During the melting season I'm writing (bi-)weekly updates on the current situation with regards to Arctic sea ice (ASI). Because of issues with data based on the SSMIS sensor aboard DMSP satellites, I mainly focus on higher-resolution AMSR2 data from the Japan Aerospace Exploration Agency (JAXA), as reported on the Arctic Data archive System website. I also look at other things like regional sea ice area, compactness, temperature and weather forecasts, anything of particular interest.
June 11th 2016
This update could have easily borne the same title as update 1: Both sides. Two weeks ago the ice pack was shrinking on both sides of the Arctic, causing sea ice extent to drop to unprecedented daily lows. In the meantime, weather patterns have switched and the ice pack is now expanding on both sides!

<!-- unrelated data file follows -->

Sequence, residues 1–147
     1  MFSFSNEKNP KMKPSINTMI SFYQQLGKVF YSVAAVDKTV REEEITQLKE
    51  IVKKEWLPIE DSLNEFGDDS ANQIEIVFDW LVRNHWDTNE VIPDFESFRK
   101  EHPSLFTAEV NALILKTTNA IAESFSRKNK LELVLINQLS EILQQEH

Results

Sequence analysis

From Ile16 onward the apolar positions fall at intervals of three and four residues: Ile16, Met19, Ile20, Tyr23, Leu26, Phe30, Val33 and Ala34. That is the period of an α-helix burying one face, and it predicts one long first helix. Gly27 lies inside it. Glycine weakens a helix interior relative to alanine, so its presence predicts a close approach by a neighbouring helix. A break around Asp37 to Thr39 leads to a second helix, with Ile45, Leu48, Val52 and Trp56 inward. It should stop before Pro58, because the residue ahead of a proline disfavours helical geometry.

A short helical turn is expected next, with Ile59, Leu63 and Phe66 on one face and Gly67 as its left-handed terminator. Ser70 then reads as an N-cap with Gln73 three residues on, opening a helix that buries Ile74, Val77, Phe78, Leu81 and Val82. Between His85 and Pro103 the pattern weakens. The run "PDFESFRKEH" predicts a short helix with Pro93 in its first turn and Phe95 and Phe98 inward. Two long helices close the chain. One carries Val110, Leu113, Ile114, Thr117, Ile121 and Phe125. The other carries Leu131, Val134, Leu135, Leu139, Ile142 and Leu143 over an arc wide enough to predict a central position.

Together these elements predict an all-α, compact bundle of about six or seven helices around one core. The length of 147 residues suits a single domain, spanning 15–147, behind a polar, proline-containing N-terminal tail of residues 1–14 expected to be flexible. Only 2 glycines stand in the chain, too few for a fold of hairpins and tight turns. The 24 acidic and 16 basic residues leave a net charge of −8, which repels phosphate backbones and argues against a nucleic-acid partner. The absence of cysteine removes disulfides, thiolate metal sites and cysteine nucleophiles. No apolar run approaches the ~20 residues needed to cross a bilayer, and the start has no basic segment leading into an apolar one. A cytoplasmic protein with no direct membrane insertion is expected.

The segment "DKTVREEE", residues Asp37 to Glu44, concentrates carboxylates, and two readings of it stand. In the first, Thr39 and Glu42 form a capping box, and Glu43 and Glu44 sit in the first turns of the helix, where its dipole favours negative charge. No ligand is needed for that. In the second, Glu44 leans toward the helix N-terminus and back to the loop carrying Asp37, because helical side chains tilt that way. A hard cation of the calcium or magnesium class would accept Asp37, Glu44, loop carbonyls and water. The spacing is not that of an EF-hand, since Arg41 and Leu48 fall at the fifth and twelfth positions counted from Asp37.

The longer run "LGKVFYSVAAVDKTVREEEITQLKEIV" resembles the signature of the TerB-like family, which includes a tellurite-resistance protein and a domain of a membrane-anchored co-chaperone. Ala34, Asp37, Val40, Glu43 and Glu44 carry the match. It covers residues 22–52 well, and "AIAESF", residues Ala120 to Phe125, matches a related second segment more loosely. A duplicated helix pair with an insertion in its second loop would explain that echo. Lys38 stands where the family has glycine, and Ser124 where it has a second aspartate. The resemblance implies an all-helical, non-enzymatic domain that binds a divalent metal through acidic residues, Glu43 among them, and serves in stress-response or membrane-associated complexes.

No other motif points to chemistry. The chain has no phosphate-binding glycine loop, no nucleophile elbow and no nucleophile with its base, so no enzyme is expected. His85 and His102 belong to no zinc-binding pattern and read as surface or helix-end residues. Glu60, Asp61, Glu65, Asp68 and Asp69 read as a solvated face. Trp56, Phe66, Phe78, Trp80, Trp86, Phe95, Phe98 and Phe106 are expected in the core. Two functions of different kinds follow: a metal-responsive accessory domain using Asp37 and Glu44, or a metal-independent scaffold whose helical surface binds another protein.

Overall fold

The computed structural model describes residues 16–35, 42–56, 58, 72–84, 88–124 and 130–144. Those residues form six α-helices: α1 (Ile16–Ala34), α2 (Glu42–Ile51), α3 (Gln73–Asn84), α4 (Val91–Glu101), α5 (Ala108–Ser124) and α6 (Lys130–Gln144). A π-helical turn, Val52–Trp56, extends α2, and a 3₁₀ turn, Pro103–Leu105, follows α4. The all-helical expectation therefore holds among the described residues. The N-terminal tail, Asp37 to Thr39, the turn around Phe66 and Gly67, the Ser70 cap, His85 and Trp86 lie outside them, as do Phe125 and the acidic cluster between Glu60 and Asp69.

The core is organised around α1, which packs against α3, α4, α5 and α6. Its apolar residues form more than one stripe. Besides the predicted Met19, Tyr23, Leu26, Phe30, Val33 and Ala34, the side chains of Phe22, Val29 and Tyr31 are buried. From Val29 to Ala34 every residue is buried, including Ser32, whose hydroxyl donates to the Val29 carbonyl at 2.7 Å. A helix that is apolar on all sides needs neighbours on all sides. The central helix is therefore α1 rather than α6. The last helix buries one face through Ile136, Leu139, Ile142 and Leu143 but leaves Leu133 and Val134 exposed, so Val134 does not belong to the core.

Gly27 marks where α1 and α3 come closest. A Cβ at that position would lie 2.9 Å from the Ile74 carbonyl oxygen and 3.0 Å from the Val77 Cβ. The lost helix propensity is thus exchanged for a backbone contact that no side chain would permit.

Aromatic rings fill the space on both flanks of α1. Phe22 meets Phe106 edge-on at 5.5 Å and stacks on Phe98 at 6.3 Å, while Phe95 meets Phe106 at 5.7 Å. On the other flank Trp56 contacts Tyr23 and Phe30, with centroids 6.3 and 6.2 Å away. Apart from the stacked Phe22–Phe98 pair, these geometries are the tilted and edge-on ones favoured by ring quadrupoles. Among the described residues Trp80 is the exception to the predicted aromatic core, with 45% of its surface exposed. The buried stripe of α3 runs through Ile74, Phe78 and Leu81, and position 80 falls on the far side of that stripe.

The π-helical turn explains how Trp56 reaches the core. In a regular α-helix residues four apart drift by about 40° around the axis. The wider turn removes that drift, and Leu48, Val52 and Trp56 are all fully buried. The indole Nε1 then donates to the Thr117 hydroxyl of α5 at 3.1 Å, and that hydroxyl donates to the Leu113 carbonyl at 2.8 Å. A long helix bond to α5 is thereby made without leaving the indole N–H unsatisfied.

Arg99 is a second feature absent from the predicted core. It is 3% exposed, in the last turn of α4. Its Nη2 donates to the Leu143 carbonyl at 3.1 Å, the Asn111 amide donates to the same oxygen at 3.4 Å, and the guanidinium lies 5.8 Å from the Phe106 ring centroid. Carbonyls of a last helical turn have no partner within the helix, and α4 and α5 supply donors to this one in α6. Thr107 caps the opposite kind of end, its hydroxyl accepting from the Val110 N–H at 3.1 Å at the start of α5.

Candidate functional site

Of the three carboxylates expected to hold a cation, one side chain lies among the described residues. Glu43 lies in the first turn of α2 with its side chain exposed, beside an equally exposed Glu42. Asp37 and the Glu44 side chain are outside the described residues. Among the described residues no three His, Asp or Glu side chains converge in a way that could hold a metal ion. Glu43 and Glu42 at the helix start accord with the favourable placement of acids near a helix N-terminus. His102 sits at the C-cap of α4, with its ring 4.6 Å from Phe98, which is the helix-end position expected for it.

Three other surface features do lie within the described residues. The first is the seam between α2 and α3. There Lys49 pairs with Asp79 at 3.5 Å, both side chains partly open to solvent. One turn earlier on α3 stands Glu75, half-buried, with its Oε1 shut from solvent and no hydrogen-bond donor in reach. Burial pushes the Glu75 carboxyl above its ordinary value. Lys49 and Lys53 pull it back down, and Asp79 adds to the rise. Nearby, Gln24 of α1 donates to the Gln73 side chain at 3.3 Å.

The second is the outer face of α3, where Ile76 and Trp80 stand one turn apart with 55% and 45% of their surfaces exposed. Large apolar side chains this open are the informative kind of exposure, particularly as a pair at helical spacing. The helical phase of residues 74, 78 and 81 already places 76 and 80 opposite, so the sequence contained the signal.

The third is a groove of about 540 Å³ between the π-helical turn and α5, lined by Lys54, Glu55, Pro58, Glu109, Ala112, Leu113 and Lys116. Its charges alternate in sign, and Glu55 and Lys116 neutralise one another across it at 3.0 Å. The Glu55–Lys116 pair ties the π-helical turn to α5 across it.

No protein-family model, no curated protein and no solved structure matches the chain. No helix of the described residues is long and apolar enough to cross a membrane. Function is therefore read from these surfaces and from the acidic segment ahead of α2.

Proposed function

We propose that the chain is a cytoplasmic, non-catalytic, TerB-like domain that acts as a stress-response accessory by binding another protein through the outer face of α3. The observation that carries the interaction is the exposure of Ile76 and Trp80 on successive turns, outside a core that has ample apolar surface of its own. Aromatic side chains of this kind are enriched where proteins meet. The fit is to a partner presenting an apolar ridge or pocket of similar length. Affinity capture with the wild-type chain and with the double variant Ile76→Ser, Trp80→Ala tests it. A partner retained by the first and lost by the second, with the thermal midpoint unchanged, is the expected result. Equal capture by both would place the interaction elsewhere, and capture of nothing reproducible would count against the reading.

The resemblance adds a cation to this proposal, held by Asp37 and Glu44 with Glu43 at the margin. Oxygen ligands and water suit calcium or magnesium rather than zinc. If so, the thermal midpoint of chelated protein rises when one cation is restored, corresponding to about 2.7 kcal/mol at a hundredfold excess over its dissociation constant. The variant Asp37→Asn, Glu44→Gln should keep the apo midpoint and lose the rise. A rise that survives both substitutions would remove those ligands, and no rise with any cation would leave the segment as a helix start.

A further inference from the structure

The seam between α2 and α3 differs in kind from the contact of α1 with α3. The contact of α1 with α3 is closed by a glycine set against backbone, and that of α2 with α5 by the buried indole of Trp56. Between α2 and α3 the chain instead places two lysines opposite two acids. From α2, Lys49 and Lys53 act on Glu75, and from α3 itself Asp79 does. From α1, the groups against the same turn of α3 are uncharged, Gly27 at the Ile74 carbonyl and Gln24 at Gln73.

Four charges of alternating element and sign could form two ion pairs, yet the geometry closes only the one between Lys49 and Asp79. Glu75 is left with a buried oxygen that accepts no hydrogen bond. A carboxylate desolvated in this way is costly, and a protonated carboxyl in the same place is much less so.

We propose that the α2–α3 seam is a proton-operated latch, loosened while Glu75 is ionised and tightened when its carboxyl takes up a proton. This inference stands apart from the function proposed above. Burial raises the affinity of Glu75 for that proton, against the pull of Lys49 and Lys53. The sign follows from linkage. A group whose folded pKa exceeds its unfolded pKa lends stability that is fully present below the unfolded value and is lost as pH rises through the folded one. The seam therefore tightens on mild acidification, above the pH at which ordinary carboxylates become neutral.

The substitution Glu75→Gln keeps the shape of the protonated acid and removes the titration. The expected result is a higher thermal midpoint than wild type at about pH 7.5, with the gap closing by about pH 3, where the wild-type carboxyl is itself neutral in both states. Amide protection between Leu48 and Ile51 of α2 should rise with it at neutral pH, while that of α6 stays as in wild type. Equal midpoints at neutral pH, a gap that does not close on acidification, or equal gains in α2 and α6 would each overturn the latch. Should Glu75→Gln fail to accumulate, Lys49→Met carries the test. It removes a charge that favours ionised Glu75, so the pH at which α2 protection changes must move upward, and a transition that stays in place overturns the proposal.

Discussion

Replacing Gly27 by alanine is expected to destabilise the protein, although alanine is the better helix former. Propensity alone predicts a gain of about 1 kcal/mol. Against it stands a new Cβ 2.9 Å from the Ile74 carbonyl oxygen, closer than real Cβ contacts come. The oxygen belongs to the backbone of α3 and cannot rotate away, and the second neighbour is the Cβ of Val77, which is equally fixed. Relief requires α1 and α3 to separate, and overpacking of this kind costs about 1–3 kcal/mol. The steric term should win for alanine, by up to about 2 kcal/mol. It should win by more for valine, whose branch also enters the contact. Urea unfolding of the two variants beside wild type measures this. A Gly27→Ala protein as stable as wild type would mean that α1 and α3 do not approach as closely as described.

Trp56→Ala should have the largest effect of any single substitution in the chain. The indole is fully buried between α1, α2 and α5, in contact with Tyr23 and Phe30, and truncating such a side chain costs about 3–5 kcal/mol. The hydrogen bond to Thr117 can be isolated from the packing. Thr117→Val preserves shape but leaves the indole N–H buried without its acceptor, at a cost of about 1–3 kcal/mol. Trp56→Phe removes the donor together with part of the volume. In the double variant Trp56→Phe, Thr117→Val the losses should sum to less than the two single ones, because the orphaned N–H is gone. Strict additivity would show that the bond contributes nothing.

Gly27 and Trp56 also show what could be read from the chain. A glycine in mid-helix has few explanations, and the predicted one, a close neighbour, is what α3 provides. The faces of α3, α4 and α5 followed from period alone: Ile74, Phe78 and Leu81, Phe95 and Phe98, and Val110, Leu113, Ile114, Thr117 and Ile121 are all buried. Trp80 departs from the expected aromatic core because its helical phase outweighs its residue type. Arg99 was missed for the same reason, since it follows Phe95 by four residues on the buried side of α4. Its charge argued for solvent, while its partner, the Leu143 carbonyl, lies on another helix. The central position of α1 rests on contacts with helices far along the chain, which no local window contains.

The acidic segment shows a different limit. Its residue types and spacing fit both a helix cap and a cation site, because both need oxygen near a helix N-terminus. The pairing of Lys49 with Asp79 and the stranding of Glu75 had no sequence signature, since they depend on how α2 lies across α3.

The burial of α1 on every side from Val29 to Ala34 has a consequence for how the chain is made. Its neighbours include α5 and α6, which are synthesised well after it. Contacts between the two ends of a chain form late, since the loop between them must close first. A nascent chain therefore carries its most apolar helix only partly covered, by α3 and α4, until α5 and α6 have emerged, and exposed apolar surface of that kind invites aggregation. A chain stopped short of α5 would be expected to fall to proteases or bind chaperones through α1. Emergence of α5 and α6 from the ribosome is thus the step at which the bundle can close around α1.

Of course, a dispersing ice pack will cause extent loss to slow down, or even stall completely for a while. Especially if extent was extremely low to begin with. And so that enormous gap between this year and 2012 is getting smaller every day, fast. 2012 had perfect weather for melting during the first two weeks of June, and there was a large amount of thin ice that kept extent artificially high.
More importantly, these weather conditions set the tone for the rest of the 2012 melting season, as a large amount of melt ponds preconditioned the ice for big melts during July and August. This is where 2016 is falling behind now, even though it has been and still is lowest in many respects (extent, volume, snow cover).
2012 is punching hard in this round. Will it be enough to knock 2016 out?